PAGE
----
Re-developing film?

Discussion in 'B&W: Film, Paper, Chemistry' started by natelfo, Sep 7, 2008.

  1. natelfo

    natelfo Member

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    I was just wondering what would happen if you put silver based B/W film back into developer after fixing? Does anyone do this to achieve any particular results? I am also curious as to weather anyone has ever used any type of alcohol bath, or would this damage the film? I would try these things myself, but can not afford to just throw film away right now and just seeing if anyone has produced any interesting results by doing this.
     
  2. Photo Engineer

    Photo Engineer Subscriber

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    Redeveloping fixed film does absolutely nothing except require washing and drying again.

    Alcohol baths after washing have been used for years to rapidly dry film, but it is reserved for emergencies as the cost of the dry alcohol is rather steep in the long run compared with drying. Otherwise, there is no appreciable effect.

    PE
     
  3. DWThomas

    DWThomas Subscriber

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    Once the film has been fixed, there is nothing left for developer to operate on.

    There are some processes that convert the silver image back to silver compounds/salts that can then be operated on by intensifiers or toners to alter the original results.

    DaveT
     
  4. gainer

    gainer Subscriber

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    IIRC, alcohol can be dried with anhydrous copper sulfate. Anhydrous copper sulfate can be prepared by heating copper sulfate until it turns white. Copper sulfate is obtainable from hardware stores as a root killer for septic drain fields. Copper sulfate is insoluble in alcohol. I'm sure you will correct me if I'm wrong.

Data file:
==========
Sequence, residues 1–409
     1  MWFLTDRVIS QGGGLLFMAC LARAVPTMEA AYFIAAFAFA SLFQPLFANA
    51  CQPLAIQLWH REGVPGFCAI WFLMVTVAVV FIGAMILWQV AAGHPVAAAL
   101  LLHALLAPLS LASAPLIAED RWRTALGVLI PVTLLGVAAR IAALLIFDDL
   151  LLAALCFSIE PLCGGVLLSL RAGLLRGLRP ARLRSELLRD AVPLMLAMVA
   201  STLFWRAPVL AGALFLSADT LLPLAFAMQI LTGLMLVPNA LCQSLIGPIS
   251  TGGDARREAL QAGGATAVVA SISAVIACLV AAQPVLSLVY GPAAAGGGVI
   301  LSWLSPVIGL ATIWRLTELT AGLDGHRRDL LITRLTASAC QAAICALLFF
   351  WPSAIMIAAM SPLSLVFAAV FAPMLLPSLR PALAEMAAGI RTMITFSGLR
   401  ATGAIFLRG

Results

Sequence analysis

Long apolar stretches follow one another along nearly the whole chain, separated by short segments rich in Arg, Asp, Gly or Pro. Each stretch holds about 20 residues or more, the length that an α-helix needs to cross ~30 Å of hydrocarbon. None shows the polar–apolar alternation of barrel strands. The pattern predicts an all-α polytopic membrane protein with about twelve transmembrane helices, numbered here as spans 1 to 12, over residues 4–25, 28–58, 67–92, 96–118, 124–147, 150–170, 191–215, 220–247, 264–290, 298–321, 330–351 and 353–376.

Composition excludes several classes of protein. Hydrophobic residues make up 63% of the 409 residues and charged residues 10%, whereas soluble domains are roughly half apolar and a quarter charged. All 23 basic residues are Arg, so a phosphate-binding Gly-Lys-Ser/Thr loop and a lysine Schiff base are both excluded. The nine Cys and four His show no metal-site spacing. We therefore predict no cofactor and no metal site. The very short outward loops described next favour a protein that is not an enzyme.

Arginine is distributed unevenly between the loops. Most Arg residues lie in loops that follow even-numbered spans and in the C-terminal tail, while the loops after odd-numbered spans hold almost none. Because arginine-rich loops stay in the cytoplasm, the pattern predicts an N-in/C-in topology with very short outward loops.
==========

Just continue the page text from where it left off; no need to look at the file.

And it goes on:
5. Photo Engineer

    Photo Engineer Subscriber

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    Patrick, you are correct. It turns from blue to white during the process.

    The problem is that the cycle alcohol dry, dry alcohol, dry copper sulfate, alcohol dry is expensive and time consuming. It is better to use for emergencies and just air dry the film. Otherwise it serves no purpose AFAIK.

    PE
     
  6. bowzart

    bowzart Member

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    You can use alcohol acquired from the hardware store, which isn't quite dry. When it evaporates, the amount of water left in the emulsion is much less than it would be had you not done so. While it doesn't make the film dry quite as fast, it does cut the drying time quite a lot. I used to do this infrequently on short deadlines.

    You could, of course, pour the alcohol back into a container and use it again, but it would gradually lose its effectiveness as its water content increased. I suppose you could use straight grain alcohol. After a number of uses it would become vodka? "killing two birds..."
     
  7. Kino

    Kino Member

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    No, Filmka!
     
  8. natelfo

    natelfo Member